In this time of stress and uncertainty it’s a welcome breath of fresh air to come across something that’s not only wholeheartedly feel-good, but also reflects many of the issues of our world.
Netflix’s Carole & Tuesday has been out for a little while (since August 2019), but it’s easy to scroll past it. It’s anime, so unless you’re already really into that medium it’s probably not going to grab you right away. Added to that, it’s about two teenage indie musicians trying to make it big on Mars in the late 21st century — not necessarily the most immediately compelling concept for most viewers.
However, what’s hard to get across in that little Netflix thumbnail is that Carole & Tuesday is just lovely. It’s charming, heartwarming, and sincere. The series was commissioned for anime alumni Studio Bones’ 20th anniversary, and the 10th anniversary of record label FlyingDog — a label that specialises in animation-related music and games. Despite being set in 2071 on Mars, it’s not at all overtly sci-fi and could be told anywhere. The fact that it’s on Mars, in the future, allows directors Motonobu Hori and Shinichirō Watanabe to play with some interesting ideas around both present-day analogous politics and the concept of creation and ownership in a time where AI is much more advanced.
Watanabe might be a familiar name to some. His previous anime, the 1998 series Cowboy Bebop, is widely considered a ‘must watch’ anime, winning several awards, gaining cult status, and ever-growing mainstream popularity. In 2014 Watanabe created Space Dandy, which has an altogether different tone to his previous work and leans into a more surreal irreverence which takes a bit of getting used to. Carole & Tuesday is — inexplicably — apparently set in the same fictional universe, despite being poles apart from Watanabe’s prior work in its themes, animation style, and… Well, everything really.
The two-part (24 episode) series starts by introducing Tuesday Simmons, a naive rich-kid daughter of a senator. She runs away from home to Alba City, a large metropolitan centre on a partially-terraformed Mars, to pursue her passion for music — something she wasn’t allowed to do at home. She almost immediately runs into streetwise busker Carole Stanley. The pair hit it off instantly and Carole takes Tuesday under her wing, giving her a place to stay while she finds her feet in the big city. Together they almost accidentally write their first song and realise that, as a duo, they’ve got something special, and they can help each other realise their dreams.
After performing the song live to an (accidental) audience of a couple of security guards, they attract the notice of Roddy, a sound-mixer technician-type, who in turn introduces them to Gus, a washed-up ex-musician and almost alcoholic manager who has lost hope in the music industry he loved since AI started writing all the songs.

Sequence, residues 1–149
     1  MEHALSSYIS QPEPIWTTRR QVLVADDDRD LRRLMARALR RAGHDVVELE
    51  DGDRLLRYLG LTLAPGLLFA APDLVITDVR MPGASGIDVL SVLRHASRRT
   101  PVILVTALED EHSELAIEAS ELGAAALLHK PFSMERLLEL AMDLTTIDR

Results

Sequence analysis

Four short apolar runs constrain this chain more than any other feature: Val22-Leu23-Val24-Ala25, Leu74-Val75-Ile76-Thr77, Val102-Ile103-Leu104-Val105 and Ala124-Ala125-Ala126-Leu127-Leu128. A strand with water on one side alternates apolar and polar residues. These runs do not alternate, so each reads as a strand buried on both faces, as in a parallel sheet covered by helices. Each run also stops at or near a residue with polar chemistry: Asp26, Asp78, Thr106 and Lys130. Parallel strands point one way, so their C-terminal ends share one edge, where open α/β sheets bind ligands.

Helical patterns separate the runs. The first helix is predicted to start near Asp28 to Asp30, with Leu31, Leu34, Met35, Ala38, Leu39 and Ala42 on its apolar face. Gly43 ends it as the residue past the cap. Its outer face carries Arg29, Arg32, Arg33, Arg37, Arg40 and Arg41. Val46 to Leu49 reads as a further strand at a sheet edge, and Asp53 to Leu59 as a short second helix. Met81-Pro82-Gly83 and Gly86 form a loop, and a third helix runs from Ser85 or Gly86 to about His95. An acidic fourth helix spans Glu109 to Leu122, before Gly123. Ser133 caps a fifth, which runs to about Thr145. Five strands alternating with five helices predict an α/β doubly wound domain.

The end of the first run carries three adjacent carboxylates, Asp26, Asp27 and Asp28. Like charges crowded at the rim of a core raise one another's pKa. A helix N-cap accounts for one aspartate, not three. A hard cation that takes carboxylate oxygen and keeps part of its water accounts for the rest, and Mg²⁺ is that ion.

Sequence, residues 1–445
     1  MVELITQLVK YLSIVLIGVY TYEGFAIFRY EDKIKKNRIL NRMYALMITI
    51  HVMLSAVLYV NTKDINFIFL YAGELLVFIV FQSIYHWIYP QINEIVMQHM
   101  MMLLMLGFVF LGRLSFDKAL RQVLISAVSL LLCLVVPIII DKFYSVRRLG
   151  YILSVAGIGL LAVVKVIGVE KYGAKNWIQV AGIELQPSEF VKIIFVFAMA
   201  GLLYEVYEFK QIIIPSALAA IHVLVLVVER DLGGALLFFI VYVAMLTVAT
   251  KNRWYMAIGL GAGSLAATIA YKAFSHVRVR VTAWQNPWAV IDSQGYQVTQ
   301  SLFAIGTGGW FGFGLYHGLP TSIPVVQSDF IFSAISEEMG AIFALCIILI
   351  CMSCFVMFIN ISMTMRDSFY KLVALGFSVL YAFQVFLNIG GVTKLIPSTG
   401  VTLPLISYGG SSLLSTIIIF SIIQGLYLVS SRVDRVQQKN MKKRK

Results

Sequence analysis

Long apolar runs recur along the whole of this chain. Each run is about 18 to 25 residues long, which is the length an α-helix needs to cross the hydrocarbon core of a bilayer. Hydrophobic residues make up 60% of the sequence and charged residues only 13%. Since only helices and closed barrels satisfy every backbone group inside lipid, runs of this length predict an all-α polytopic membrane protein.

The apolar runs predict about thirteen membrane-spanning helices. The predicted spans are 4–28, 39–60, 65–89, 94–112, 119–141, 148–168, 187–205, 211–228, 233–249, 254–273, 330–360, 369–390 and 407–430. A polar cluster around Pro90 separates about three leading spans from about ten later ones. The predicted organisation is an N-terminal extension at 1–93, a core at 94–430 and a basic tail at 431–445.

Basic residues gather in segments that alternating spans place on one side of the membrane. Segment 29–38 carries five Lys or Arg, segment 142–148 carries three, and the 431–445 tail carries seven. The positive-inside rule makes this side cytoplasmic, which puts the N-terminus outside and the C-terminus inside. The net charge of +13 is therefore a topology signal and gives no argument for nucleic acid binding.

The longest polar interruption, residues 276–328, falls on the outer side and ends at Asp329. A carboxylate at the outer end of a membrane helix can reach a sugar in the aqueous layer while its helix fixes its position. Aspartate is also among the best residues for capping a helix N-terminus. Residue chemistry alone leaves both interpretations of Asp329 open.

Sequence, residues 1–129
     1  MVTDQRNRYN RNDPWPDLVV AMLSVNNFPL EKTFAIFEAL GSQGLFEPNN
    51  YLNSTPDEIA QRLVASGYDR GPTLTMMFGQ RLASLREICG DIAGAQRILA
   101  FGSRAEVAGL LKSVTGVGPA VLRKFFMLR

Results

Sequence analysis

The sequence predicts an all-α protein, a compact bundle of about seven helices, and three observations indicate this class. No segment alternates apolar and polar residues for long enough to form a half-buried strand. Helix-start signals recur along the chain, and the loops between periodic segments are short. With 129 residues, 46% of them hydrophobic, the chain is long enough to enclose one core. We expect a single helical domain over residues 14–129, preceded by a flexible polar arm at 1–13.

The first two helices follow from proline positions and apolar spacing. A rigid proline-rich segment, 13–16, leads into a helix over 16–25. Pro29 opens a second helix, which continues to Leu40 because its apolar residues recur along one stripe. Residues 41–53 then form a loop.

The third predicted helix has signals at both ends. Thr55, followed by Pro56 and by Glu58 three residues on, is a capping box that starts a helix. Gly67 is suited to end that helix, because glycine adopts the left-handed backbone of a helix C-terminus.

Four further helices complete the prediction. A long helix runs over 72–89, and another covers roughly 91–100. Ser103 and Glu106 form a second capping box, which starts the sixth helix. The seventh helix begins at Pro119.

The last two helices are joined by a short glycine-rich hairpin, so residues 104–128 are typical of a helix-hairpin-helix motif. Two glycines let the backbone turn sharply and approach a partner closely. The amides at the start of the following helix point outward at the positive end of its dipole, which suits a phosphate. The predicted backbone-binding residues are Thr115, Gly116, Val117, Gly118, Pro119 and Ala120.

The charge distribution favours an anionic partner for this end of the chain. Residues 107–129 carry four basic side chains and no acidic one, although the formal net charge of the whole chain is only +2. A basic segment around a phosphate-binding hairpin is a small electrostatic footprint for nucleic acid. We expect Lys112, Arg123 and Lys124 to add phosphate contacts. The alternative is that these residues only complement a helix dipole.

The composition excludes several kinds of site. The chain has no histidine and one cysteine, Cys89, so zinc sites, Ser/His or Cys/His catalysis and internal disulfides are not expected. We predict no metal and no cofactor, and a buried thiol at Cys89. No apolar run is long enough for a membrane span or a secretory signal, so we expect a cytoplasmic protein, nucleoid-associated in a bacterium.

Carole and Tuesday’s hand-written music, combined with their natural exuberance and charm, helps them through some difficult times and wins them supporters and allies, eventually winning a place on Mars’ Brightest, a televised talent show in the mould of X-Factor.
If you’re into music then Carole and Tuesday’s journey from passionate, broke artists with part-time jobs to playing Cydonia Festival, Mars’ version of Glastonbury, will speak to you. It’s been said by some reviewers that Carole & Tuesday is an anime for indie musicians and fans; and it’s true that it seems to reflect the struggles of real artists as they navigate the pitfalls and pleasures of money, pressure, writer’s block, creative differences, rivalries, and the battle against the algorithm. However, that definition is reductive. Carole & Tuesday just as much appeals to anyone who’s ever wanted to be more than they are, anyone who’s ever had a friend who supports them, and anyone who’s ever struggled to find themselves in a complex world.
The show doesn’t overtly lean into the fact that it’s set in the future on Mars. Instead, the sci-fi elements are woven naturally into the plotlines that shape Carole and Tuesday’s lives. There are some wonderful background elements that help to flesh out the setting, from the robot bartenders to Carole’s uniwheel not-quite-hoverboard. Mixed in with that are a lot of present-day and near-future technologies: we see heavy use of what are recognisable as smartphones, and the ‘go to’ social media platform on Mars seems to be Instagram (we can only speculate over the fate of Facebook and Twitter). There’s a sprinkling of sentient robots in there too, and some interesting side-plots that relate to the ubiquitous cameras, surveillance, and cyber-stalking. At one point, the facility that seems to be integral to terraforming Mars is damaged and the temperature plummets, creating a temporary freezing winter.